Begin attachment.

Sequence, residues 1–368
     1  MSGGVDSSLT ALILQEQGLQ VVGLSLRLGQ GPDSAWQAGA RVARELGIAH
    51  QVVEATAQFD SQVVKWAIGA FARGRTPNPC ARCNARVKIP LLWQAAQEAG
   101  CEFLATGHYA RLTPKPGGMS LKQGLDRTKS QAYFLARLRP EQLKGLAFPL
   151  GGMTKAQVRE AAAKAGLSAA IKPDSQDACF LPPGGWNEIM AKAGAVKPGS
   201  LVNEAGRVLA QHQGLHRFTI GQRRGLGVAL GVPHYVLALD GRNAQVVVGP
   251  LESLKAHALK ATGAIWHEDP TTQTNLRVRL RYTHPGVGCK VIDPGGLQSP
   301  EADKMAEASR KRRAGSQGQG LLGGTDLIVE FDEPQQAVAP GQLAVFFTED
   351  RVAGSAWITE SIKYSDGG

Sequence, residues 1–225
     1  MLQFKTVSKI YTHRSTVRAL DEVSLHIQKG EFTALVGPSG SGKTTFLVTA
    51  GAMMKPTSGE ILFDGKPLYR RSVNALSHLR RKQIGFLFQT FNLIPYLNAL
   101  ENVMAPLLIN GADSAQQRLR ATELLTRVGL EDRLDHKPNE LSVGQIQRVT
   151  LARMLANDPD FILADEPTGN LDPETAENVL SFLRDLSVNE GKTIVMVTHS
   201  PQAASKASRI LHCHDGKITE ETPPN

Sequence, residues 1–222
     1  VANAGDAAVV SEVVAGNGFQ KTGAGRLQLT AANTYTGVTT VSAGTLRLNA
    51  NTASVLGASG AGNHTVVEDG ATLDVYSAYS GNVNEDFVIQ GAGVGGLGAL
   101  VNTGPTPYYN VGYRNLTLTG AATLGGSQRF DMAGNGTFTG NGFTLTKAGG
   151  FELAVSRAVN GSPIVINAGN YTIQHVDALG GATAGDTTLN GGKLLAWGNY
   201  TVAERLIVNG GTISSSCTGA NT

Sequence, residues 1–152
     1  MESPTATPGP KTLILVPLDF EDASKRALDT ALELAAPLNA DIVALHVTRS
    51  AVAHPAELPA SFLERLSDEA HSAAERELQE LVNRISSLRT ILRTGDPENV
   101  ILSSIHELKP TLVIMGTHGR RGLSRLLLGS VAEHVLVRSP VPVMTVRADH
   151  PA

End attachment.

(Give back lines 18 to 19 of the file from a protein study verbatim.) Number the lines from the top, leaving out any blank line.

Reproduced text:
    51  NTASVLGASG AGNHTVVEDG ATLDVYSAYS GNVNEDFVIQ GAGVGGLGAL
   101  VNTGPTPYYN VGYRNLTLTG AATLGGSQRF DMAGNGTFTG NGFTLTKAGG